State licensing guidelines mandate that child care staff receive at least eight hours of training a year. However, this is far less training than Head Start staff receive (NRCA staff receive from 40 to 60 hours of training a year). The director of one child care agency says she prefers to hire teachers with some college training, but she is not always successful in her efforts to do so. The NRCA director knows, also, that many staff at other contracted providers possess no more than a high school degree, which was the case with the interviewed family home care provider.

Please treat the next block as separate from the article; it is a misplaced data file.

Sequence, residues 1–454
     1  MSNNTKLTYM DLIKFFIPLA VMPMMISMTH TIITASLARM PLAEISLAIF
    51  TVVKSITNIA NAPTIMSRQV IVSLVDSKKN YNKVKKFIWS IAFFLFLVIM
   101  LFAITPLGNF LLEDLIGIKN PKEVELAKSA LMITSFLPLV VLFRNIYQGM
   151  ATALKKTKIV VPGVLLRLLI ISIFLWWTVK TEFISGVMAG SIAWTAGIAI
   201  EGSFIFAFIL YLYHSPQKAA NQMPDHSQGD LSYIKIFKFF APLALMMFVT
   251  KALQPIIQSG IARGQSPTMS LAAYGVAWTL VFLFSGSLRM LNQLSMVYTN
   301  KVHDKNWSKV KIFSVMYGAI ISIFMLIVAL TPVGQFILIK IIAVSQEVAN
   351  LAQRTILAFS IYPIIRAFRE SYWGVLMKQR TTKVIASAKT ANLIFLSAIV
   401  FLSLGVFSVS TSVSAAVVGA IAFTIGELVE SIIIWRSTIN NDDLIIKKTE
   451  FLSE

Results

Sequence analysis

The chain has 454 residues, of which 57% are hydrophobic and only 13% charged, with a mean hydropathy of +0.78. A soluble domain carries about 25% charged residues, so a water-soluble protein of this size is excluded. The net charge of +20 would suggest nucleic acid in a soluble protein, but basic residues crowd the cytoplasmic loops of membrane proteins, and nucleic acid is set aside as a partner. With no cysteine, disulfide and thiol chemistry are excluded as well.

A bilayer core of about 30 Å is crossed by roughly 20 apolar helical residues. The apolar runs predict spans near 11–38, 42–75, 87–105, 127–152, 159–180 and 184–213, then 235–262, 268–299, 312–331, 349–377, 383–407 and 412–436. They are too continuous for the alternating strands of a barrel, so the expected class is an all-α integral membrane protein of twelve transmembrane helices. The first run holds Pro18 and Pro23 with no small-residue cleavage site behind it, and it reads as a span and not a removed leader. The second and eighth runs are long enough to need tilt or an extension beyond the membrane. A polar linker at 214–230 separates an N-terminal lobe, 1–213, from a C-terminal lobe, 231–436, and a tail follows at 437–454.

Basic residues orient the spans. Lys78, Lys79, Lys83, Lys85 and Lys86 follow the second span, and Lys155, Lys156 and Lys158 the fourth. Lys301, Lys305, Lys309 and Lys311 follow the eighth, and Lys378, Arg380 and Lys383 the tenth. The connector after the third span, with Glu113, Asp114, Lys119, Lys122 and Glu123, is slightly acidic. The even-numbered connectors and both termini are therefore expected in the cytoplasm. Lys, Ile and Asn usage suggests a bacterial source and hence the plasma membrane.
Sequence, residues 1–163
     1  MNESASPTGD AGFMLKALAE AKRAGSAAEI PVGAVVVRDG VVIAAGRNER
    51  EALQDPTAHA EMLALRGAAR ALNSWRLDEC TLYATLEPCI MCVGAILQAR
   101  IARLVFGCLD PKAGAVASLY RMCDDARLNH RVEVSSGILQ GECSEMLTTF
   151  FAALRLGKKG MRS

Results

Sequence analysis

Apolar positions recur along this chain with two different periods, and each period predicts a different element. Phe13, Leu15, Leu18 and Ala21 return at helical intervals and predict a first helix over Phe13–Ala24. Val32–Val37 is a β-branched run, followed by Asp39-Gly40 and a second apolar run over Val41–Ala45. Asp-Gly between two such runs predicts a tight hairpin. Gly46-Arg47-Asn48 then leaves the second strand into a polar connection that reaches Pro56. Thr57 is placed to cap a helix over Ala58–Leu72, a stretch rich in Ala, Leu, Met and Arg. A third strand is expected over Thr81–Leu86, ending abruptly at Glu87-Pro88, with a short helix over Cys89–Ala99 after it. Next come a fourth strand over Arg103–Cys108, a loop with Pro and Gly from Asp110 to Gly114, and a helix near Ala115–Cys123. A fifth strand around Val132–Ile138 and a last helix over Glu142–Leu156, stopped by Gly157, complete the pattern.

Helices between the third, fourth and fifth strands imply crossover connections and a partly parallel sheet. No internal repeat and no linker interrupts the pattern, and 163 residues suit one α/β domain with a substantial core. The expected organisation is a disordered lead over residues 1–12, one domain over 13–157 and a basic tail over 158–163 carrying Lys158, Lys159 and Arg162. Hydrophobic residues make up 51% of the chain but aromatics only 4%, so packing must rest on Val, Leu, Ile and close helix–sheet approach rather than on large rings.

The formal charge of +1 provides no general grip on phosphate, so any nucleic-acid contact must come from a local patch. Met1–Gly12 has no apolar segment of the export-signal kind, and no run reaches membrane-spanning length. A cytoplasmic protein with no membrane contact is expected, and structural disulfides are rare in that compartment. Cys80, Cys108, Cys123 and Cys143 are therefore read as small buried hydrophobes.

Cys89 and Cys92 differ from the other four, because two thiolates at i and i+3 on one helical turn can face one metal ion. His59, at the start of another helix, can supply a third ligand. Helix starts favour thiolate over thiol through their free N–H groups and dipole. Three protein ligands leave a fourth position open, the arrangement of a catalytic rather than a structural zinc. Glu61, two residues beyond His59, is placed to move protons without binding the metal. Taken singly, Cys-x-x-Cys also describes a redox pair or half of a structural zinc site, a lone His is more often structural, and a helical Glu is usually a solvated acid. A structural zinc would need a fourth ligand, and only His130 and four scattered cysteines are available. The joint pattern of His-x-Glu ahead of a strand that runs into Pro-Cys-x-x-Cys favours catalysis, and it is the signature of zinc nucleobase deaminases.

In addition, the NRCA director is concerned that the quality of off-site staff training is in many cases very low. In the one off-site center visited, Head Start teachers provided training to child care staff in areas such as behavior management and outdoor gross motor activities. Child care staff in this program have also made efforts to contact Head Start family service workers when they detect problems with a Head Start child. Nonetheless, the NRCA director regrets that she does not have more control over staff training or qualifications in the afternoon programs — a concern that contributes to her ambivalence about "connected care" full-day arrangements.